Electrician-turned-labour-activist Laird Cronk on November 29 became the new president of the British Columbia Federation of Labour (BC FED) – an organization that lobbies on behalf of about 500,000 workers in dozens of member unions across the province.
Cronk’s win had been expected for weeks given that the leaders of the BC Fed’s most powerful unions were all supporting him. The only question was whether the win would be by acclamation, which it was.
Sussanne Skidmore, Cronk’s running mate, also won her position as the BC Fed’s secretary treasurer by acclamation.
Cronk had been an officer and vice-president at the BC Fed. He was also listed on the BC Fed website as an international representative with the 1st District Office of the International Brotherhood of Electrical Workers (IBEW), servicing IBEW local unions in B.C., Alberta and the Yukon.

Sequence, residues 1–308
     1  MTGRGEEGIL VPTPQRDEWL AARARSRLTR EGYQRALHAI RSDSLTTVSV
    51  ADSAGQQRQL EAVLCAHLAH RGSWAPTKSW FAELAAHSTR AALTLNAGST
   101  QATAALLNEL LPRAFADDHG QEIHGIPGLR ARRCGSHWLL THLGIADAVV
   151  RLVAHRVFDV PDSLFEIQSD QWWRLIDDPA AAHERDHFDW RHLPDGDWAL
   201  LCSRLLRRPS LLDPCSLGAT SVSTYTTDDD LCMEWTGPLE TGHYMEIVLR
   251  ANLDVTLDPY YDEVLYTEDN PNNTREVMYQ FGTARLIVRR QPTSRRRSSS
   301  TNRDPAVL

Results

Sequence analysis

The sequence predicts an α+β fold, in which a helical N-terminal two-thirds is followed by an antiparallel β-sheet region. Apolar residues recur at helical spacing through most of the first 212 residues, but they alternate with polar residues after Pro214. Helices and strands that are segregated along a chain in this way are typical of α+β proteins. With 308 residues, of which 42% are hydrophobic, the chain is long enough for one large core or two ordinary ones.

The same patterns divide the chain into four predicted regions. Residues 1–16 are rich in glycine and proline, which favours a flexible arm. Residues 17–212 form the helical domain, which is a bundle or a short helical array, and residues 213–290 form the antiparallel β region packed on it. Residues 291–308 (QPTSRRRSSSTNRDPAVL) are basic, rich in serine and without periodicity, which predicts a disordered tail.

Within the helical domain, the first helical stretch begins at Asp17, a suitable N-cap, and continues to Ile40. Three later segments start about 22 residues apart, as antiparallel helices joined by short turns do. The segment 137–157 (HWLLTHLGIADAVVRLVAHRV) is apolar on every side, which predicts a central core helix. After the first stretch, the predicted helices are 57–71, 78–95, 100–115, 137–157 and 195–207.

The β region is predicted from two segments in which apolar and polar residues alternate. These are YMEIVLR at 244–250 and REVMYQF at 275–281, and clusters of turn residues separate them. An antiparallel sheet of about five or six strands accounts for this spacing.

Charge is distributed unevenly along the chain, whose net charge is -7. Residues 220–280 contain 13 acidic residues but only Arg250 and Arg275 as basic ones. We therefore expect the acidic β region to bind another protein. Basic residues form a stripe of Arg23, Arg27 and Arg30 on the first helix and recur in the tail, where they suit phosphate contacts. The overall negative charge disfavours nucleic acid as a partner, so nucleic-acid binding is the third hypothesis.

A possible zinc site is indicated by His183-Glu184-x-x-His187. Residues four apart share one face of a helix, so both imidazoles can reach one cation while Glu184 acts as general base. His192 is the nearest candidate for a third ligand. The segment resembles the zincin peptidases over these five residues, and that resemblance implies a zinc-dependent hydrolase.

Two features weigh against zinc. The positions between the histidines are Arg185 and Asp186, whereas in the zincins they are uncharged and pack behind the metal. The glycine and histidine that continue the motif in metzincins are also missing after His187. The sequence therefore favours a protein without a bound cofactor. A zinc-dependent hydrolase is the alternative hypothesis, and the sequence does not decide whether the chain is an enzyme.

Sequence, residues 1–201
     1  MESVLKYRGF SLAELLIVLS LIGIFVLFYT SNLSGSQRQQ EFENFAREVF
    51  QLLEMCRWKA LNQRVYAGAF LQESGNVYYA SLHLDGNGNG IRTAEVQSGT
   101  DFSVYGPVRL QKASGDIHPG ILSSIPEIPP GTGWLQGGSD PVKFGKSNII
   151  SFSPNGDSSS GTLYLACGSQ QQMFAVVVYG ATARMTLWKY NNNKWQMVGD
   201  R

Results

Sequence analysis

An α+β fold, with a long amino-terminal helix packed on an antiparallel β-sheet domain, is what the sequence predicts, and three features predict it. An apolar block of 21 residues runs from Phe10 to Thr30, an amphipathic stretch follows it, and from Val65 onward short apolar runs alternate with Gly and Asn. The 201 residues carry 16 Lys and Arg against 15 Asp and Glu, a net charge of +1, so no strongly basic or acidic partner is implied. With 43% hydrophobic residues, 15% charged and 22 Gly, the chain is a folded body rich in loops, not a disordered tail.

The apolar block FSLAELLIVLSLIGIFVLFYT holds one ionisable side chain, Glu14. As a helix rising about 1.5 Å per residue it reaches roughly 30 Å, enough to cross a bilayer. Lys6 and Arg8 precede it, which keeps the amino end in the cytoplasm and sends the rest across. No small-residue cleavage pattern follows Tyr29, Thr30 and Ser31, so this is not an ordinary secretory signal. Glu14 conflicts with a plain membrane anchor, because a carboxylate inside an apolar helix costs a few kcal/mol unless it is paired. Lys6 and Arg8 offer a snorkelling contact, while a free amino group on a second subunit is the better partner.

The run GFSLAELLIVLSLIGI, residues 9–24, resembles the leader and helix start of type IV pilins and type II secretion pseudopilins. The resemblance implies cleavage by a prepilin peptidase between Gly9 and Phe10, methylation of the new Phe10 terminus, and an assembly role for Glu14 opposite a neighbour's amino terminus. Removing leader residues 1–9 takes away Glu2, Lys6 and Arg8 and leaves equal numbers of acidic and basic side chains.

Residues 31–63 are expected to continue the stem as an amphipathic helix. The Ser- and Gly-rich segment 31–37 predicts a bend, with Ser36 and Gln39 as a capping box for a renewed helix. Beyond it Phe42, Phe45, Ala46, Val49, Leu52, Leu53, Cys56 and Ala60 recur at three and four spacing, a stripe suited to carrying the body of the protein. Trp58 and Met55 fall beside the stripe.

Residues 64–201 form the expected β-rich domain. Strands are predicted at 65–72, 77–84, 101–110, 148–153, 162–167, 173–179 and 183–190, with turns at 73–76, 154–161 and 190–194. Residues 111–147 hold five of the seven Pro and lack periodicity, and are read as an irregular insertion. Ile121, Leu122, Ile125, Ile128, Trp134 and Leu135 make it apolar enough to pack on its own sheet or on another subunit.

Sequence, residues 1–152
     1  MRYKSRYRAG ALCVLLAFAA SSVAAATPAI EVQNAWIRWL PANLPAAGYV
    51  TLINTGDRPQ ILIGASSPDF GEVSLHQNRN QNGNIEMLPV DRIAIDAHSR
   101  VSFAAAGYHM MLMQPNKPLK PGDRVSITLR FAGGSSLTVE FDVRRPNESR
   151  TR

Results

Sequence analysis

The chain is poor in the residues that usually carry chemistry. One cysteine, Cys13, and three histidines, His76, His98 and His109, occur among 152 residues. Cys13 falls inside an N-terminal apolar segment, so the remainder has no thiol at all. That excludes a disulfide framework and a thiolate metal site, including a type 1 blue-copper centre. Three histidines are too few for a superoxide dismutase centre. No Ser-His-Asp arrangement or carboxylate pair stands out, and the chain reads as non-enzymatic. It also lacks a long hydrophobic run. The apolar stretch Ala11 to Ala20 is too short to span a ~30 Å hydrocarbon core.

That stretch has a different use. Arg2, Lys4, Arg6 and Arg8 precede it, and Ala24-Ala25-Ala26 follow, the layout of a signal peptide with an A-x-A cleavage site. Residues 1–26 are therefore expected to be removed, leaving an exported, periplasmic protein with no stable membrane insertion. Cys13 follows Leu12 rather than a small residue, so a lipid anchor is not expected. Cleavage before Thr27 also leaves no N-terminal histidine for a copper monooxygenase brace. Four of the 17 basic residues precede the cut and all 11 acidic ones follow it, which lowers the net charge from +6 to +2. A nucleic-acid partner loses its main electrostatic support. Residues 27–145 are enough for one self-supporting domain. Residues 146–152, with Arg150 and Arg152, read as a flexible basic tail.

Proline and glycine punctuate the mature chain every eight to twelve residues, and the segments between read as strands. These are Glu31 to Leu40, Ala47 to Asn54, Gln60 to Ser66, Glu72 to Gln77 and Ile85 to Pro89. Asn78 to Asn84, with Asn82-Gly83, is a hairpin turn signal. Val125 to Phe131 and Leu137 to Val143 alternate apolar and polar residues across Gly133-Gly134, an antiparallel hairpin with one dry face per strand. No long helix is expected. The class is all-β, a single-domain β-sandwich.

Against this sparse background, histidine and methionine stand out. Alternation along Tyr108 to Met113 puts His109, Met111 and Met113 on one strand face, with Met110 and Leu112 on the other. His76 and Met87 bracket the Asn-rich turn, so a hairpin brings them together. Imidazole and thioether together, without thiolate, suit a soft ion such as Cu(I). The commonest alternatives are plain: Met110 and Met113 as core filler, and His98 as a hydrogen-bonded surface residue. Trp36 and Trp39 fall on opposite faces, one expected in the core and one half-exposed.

“We are stronger and better as a labour movement when we work together,” Cronk said in a speech to delegates. “Let’s get this job done. Let’s get out there together. Let’s build."
The vacancy in the top role at the BC Fed came about because previous president Irene Lanzinger decided to move into what she told Business in Vancouver would be “semi-retirement,” given that the 64-year-old said that she is open to working on some short-term contracts.
Past contests for the top job at the BC Fed have not had the same unanimity that the organization showed today.
In 2014, when about 2,000 delegates elected Lanzinger to a first term as president of the BC Fed, it was by a narrow 57-vote margin, over challenger Amber Hockin.
Lanzinger counted on support from the Hospital Employees’ Union, the Health Sciences Association, Unifor and the BC Teachers’ Federation, among others. Hockin had support from the Canadian Union of Public Employees BC, the United Steelworkers District 3 and the BC Government and Service Employees’ Union.